Oil prices claw back on sup­ply con­cerns, but de­mand wor­ries drag

Tehran Times - - ENERGY -

Oil on Fri­day clawed back some of its losses from the pre­vi­ous ses­sion, when prices fell the most in a month, with con­cerns about sup­ply coun­ter­ing wor­ries that emerg­ing mar­ket crises and trade dis­putes could dent de­mand.

Brent crude was up 3 cents at $78.21 a bar­rel by 0634 GMT, af­ter fall­ing 2 per­cent on Thurs­day. The global bench­mark rose on Wed­nes­day to its high­est since May 22 at $80.13.

U.S. West Texas In­ter­me­di­ate (WTI) fu­tures were up 18 cents, or 0.2 per­cent, at 68.76 a bar­rel, af­ter drop­ping 2.5 per­cent on Thurs­day.

Brent is head­ing for a 1.8 per­cent gain this week, while WTI is on track for a 1.5 per­cent in­crease.

“Prices re­main well sup­ported as the mar­ket con­tin­ues to fret about on­go­ing struc­tural sup­ply is­sues else­where,” ANZ Re­search said in a note.

The In­ter­na­tional En­ergy Agency on Thurs­day warned that although the oil mar­ket was tight­en­ing at the mo­ment and world oil de­mand would reach 100 mil­lion bar­rels per day (bpd) in the next three months, global eco­nomic risks were mount­ing.

“As we move into 2019, a pos­si­ble risk to our fore­cast lies in some key emerg­ing economies, partly due to cur­rency de­pre­ci­a­tions ver­sus the U.S. dol­lar, rais­ing the cost of im­ported en­ergy,” the agency said.

“In ad­di­tion, there is a risk to growth from an es­ca­la­tion of trade dis­putes,” the Paris-based agency said.

China will not buckle to U.S. de­mands in any trade ne­go­ti­a­tions, the ma­jor state-run China Daily news­pa­per said in an ed­i­to­rial on Fri­day, af­ter Chi­nese of­fi­cials wel­comed an in­vi­ta­tion from Wash­ing­ton for a new round of talks.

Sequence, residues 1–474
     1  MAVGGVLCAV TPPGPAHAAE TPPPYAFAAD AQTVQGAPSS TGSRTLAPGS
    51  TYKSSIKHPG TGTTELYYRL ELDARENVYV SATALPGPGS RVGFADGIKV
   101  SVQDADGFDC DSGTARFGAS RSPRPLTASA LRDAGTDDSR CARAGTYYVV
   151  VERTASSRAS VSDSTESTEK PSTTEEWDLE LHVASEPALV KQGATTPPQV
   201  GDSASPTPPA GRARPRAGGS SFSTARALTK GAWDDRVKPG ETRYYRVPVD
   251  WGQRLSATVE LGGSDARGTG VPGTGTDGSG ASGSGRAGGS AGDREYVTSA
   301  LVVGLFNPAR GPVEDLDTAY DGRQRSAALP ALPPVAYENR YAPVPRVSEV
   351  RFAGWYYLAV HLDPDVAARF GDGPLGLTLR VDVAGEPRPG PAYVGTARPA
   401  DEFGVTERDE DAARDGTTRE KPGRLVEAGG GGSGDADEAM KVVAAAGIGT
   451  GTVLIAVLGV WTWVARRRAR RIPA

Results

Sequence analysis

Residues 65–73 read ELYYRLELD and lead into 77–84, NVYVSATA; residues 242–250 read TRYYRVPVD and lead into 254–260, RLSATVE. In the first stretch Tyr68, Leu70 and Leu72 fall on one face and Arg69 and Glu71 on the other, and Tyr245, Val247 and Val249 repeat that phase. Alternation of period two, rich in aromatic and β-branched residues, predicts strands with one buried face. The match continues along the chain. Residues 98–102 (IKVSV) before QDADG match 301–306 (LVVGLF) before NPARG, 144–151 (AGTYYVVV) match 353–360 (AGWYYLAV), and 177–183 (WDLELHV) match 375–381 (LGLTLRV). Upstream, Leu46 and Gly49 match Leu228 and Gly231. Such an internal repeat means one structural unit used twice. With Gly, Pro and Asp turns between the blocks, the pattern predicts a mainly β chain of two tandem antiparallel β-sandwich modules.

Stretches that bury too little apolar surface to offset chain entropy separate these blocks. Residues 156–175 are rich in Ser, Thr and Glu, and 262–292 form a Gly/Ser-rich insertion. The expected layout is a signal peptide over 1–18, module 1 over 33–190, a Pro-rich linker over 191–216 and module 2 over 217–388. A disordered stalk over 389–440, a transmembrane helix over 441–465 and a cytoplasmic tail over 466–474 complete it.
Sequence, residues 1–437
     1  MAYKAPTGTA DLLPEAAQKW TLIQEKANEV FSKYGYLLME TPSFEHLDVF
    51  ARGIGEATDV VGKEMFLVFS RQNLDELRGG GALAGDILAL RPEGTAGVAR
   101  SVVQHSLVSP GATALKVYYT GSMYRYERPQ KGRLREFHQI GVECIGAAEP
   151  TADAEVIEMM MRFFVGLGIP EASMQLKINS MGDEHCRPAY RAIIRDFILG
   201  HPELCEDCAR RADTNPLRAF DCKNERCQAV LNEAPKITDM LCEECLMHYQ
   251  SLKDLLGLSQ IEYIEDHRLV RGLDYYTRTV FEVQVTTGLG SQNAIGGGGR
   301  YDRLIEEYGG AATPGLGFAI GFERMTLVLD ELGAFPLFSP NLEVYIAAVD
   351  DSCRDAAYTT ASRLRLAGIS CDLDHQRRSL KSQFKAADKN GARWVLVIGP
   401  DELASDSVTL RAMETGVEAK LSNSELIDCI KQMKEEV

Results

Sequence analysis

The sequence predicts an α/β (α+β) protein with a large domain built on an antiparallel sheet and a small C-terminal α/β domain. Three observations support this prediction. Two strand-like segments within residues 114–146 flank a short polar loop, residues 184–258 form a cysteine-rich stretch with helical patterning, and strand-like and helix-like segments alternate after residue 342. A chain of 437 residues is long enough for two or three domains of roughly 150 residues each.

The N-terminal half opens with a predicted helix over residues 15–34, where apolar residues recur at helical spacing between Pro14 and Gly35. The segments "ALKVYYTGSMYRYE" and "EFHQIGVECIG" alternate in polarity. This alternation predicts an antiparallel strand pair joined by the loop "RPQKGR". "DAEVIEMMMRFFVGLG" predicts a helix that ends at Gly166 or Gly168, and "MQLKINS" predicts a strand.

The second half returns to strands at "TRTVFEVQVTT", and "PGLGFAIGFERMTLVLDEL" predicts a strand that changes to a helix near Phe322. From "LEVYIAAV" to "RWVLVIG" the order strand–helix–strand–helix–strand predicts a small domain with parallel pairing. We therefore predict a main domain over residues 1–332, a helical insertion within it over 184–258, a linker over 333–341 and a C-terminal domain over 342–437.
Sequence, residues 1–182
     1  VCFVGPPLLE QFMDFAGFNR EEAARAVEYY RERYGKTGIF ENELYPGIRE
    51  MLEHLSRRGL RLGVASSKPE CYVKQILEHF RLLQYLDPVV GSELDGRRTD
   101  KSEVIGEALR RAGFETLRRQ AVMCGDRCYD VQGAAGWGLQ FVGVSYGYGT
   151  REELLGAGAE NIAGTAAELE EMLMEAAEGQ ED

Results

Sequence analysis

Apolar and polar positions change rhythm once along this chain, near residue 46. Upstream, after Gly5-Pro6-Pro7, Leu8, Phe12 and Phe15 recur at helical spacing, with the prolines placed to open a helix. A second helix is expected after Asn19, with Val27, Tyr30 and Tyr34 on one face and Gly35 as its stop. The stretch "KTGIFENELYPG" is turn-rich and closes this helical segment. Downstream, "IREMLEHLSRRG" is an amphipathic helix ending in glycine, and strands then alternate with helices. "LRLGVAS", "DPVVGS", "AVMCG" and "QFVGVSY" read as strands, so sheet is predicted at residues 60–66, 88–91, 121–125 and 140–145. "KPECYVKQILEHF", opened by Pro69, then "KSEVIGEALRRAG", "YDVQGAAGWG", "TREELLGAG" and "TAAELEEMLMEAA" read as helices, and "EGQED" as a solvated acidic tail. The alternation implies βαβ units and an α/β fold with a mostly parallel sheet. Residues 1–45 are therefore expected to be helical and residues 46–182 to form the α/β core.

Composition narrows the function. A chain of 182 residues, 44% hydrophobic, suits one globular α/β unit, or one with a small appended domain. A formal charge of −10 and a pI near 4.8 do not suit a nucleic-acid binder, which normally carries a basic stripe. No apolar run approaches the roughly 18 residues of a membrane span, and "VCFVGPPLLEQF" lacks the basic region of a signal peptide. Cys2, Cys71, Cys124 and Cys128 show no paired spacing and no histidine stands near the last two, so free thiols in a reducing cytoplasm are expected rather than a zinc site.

U.S. Pres­i­dent Trump said on Twit­ter on Thurs­day that the United States holds the up­per hand in talks.

“We are un­der no pres­sure to make a deal with China, they are un­der pres­sure to make a deal with us,” Trump tweeted.

Sup­ply con­cerns were stoked by data show­ing that U.S. crude pro­duc­tion fell by 100,000 bpd to 10.9 mil­lion bar­rels per day last week as the in­dus­try faces pipe­line ca­pac­ity con­straints.

Though weekly out­put slipped, the United States likely sur­passed Rus­sia and Saudi Ara­bia ear­lier this year to be­come the world’s largest crude oil pro­ducer, based on pre­lim­i­nary es­ti­mates from the En­ergy In­for­ma­tion Ad­min­is­tra­tion.

Although the EIA does not pub­lish crude pro­duc­tion forecasts for Rus­sia and Saudi Ara­bia in its short term out­look, it ex­pects that U.S. out­put will con­tinue to ex­ceed Rus­sian and Saudi pro­duc­tion for the re­main­ing months of 2018 and through 2019.

The loss of Ira­nian oil to the mar­ket as re­fin­ers are cut­ting or halt­ing pur­chase ahead of U.S. sanc­tions in Novem­ber is also rais­ing con­cerns about sup­ply.

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